Bach decision may set wastewater precedent
Marlborough Sounds bach owner Neville McCallum says he has won a fight with the Marlborough District Council to extend his bach without replacing a 40-year-old wastewater system.
Commissioner Ron Crosby last week released his decision to give Mr McCallum the option of a two-year consent to treat waste from the original part of the bach through an existing system, against council advice that this must be replaced. Waste from a bathroom in the original bach would be diverted into a new treatment system, which would be larger than originally intended.
Mr McCallum said he objected to retiring the old septic system because an engineer's report confirmed it was working well. Putting all waste through one large new soakage field would have meant pumping waste uphill, which was not a good idea in the Sounds where there were frequent power cuts, he said.
The problem was solved at a private hearing where Mr Crosby and his engineer came up with the compromise, Mr McCallum said.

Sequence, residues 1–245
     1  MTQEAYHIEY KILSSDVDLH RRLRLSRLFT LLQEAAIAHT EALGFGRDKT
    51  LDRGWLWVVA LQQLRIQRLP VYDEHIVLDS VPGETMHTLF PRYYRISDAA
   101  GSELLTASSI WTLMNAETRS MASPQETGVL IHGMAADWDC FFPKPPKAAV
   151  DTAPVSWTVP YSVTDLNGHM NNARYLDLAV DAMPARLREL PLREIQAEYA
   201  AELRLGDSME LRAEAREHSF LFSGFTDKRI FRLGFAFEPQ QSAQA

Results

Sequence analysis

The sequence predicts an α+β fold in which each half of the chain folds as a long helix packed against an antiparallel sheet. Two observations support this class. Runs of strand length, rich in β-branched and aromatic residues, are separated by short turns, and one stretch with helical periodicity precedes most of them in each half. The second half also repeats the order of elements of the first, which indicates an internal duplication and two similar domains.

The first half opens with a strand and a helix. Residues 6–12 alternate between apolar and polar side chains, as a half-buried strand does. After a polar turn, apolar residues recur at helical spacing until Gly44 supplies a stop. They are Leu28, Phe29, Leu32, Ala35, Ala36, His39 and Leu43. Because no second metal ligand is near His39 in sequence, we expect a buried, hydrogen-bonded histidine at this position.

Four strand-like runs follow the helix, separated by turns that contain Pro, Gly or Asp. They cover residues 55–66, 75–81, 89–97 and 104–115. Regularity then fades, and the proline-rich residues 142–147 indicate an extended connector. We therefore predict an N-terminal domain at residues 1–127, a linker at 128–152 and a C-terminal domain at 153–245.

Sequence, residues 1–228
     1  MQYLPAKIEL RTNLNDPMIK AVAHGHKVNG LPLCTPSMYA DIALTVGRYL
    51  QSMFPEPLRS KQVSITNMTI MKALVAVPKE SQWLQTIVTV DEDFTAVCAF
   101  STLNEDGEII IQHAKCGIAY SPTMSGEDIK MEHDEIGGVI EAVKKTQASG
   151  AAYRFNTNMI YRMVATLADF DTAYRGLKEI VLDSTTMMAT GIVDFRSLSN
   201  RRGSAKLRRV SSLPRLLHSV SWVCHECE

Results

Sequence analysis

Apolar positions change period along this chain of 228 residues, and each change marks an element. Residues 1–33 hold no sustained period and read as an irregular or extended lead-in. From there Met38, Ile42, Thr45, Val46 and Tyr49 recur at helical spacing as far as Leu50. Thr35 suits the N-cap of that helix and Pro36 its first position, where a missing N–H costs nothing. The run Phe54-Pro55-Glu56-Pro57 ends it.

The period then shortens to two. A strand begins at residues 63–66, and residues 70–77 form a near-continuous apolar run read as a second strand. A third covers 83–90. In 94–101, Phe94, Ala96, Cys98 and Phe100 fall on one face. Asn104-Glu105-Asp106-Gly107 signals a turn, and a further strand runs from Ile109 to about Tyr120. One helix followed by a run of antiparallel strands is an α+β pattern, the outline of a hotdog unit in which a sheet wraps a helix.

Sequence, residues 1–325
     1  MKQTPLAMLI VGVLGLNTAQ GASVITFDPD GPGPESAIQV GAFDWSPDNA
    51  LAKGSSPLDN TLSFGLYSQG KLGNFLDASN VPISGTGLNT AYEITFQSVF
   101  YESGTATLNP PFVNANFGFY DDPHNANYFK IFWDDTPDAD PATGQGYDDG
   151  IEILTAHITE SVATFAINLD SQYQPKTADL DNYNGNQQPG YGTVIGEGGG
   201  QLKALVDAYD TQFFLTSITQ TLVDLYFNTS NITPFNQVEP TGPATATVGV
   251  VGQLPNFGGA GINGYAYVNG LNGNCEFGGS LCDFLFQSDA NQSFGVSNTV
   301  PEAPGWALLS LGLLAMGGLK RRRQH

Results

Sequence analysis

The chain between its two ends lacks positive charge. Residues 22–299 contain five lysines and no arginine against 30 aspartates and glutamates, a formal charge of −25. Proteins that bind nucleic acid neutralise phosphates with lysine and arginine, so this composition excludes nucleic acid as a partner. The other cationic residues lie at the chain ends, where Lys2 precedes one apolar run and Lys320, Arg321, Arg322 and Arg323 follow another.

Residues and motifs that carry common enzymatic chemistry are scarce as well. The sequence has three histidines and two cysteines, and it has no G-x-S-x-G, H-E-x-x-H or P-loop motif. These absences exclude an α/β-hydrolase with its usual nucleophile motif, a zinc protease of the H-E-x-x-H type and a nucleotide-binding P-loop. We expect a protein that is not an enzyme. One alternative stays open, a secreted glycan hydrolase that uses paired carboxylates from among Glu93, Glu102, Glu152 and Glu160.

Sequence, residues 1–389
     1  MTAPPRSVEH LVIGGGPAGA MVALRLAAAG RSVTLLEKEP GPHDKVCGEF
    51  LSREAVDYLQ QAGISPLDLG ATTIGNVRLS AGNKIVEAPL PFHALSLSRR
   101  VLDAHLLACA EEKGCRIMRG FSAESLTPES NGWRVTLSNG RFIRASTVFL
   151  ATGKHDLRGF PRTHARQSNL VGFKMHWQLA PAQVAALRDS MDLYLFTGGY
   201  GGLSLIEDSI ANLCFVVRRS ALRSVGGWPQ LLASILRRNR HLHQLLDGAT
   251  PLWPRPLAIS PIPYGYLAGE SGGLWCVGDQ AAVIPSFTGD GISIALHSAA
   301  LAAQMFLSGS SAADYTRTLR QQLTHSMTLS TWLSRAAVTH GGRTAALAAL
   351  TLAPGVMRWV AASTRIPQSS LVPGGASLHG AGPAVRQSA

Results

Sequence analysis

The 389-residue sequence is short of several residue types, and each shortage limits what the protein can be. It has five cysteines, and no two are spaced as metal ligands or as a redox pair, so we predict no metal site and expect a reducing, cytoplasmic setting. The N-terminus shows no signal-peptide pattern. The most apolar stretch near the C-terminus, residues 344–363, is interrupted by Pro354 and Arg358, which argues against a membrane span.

"This proves if you have an old [waste treatment] field and it is working properly, you do not have to pull it to bits," he said.
In his decision, Mr Crosby said if Mr McCallum opted to retain the old system, in two years he must provide engineering evidence that waste was being spread evenly in the soakage field. If it failed, he might need to build the bigger field and would have to carry the costs of a new resource consent application.
Mr Crosby said council resource management officer Glen Parker was clearly aiming to meet the council objective of upgrading waste treatment systems when the volume needing treatment increased. However, he recognised it would be costly and difficult to build a big new soakage field if the old system was working.
Mr McCallum said he had heard from many other Sounds bach owners in a similar predicament so hoped the finding would set a precedent.
The Marlborough Express